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Prostate. 2016 Nov;76(15):1445-53. doi: 10.1002/pros.23228. Epub 2016 Jul 12.

The Relationship Between Metformin and Serum Prostate-Specific Antigen Levels.

Author information

1
Clinical Nutrition and Risk Factor Modification Center, St. Michael's Hospital, Toronto, Ontario, Canada.
2
Department of Nutritional Sciences, Faculty of Medicine, University of Toronto, Toronto, Ontario, Canada.
3
Department of Surgical Oncology-Urology, Princess Margaret Cancer Center, Toronto, Ontario, Canada.
4
Department of Surgery-Urology, Faculty of Medicine, University of Toronto, Toronto, Ontario, Canada.
5
Clinical Nutrition and Risk Factor Modification Center, St. Michael's Hospital, Toronto, Ontario, Canada. nutritionproject@smh.ca.
6
Department of Nutritional Sciences, Faculty of Medicine, University of Toronto, Toronto, Ontario, Canada. nutritionproject@smh.ca.
7
Department of Surgical Oncology-Urology, Princess Margaret Cancer Center, Toronto, Ontario, Canada. nutritionproject@smh.ca.
8
Li Ka Shing Knowledge Institute of St. Michael's Hospital, Toronto, Ontario, Canada. nutritionproject@smh.ca.

Abstract

BACKGROUND:

Metformin is the first-line oral antihyperglycemic of choice for individuals with type 2 diabetes. Recent evidence supports a role for metformin in prostate cancer chemoprotection. However, whether metformin indeed influences prostate biology is unknown. We aimed to study the association between metformin and serum prostate-specific antigen (PSA) levels-the primary prostate cancer biomarker.

METHODS:

We conducted a cross-sectional study of 326 prostate cancer-free men with type 2 diabetes were recruited between 2004 and 2013 at St. Michael's Hospital. Men were excluded if they had a PSA ≥10-ng/ml, or used >2,550-mg/d metformin or supplemental androgens. Multivariate linear regressions quantified the association between metformin dose and log-PSA. Secondary analyses quantified the association between other antihyperglycemics (sulfonylureas, thiazolidinediones) and PSA; sensitivity analyses tested covariate interactions.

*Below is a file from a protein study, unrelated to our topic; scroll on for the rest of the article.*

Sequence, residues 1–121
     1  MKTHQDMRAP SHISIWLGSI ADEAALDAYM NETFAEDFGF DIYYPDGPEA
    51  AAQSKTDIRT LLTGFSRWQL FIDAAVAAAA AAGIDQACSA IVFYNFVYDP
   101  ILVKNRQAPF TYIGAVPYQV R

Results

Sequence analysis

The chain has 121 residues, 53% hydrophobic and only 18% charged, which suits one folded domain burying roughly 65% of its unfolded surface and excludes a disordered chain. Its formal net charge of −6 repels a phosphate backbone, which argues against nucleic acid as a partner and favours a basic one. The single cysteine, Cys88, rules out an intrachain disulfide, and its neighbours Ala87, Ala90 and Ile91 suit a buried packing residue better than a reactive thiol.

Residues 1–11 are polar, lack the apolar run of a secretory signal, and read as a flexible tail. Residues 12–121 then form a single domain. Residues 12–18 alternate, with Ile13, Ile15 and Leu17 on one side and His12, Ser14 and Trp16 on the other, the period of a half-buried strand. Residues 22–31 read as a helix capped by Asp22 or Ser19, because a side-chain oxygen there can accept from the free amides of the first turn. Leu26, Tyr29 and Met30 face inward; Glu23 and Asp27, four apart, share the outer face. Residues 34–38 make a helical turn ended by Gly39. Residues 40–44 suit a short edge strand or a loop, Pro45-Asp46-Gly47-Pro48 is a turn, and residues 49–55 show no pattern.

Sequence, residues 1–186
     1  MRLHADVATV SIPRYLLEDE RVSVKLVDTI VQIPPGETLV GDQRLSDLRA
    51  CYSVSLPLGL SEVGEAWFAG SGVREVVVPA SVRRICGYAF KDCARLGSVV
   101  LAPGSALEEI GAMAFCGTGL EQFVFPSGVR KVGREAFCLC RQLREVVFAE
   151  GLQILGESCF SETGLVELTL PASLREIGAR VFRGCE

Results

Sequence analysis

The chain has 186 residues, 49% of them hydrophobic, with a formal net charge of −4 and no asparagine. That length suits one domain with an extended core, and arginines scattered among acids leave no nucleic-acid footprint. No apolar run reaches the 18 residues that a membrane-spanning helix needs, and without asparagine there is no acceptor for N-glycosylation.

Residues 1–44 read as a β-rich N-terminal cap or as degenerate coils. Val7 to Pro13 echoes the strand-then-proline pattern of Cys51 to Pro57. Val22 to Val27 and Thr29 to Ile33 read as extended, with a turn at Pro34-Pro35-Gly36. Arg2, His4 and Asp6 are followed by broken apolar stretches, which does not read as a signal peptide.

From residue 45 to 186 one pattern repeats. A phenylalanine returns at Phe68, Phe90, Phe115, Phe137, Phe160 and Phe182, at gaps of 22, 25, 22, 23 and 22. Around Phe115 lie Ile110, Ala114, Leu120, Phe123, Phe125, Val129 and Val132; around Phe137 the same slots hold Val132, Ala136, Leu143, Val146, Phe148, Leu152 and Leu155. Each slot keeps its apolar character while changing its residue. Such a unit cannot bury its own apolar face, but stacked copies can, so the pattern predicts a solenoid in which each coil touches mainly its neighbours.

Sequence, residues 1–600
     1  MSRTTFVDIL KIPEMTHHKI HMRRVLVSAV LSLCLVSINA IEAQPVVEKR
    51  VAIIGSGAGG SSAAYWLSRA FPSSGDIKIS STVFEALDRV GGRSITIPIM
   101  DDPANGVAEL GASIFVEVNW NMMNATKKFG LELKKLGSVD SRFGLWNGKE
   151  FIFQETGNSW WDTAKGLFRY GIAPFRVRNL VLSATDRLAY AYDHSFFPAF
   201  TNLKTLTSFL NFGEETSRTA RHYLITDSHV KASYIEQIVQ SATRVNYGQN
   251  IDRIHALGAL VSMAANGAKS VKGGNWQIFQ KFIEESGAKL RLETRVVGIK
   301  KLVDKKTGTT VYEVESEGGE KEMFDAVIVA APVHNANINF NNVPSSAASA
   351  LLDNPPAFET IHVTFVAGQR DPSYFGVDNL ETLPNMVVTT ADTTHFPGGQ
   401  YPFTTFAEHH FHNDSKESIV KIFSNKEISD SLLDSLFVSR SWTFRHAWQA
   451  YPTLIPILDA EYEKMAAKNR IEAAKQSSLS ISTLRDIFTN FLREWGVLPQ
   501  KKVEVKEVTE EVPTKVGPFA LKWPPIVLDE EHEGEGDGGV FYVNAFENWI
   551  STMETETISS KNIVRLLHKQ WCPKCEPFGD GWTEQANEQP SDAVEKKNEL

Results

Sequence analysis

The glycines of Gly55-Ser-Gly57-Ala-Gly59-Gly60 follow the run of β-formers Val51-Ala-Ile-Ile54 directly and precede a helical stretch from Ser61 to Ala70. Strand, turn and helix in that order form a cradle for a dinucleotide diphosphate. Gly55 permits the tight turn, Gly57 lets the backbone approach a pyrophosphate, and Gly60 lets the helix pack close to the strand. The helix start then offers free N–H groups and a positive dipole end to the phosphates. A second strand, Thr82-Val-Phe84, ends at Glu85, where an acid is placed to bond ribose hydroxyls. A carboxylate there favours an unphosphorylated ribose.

RESULTS:

Median PSA was 0.9-ng/ml (IQR: 0.5-1.6-ng/ml). Metformin dose associated positively with BMI, HbA1c, diabetes duration, and number of statin, acetylsalicylic acid, diuretic users, and number of antihyperglycemics used, and negatively with LDL-C. In multivariate models, PSA changed by -8% (95%CI: -13 to -2%, P = 0.011) per 500-mg/d increase in metformin. Men with diabetes for ≥6 years (n = 163) saw a greater difference in PSA per 500-mg/d metformin (-12% [95% CI: -19 to -4%, P = 0.002], P-interaction = 0.018). Serum PSA did not relate with sulfonylureas, thiazolidinediones, or total number of antihyperglycemic agents used. Our findings are limited by the cross-sectional design of this study.

CONCLUSIONS:

Metformin dose-dependently inversely associated with serum PSA, independent of other antihyperglycemic medications. Whether metformin confers a dose-dependent benefit on prostate tumorigenesis and progression warrants investigation. Prostate 76:1445-1453, 2016. © 2016 The Authors. The Prostate published by Wiley Periodicals, Inc.

KEYWORDS:

PSA; antihyperglycemic; cross-sectional; dose-response; metformin; prostate cancer

PMID:
27403913
PMCID:
PMC5053259
DOI:
10.1002/pros.23228
[Indexed for MEDLINE]
Free PMC Article

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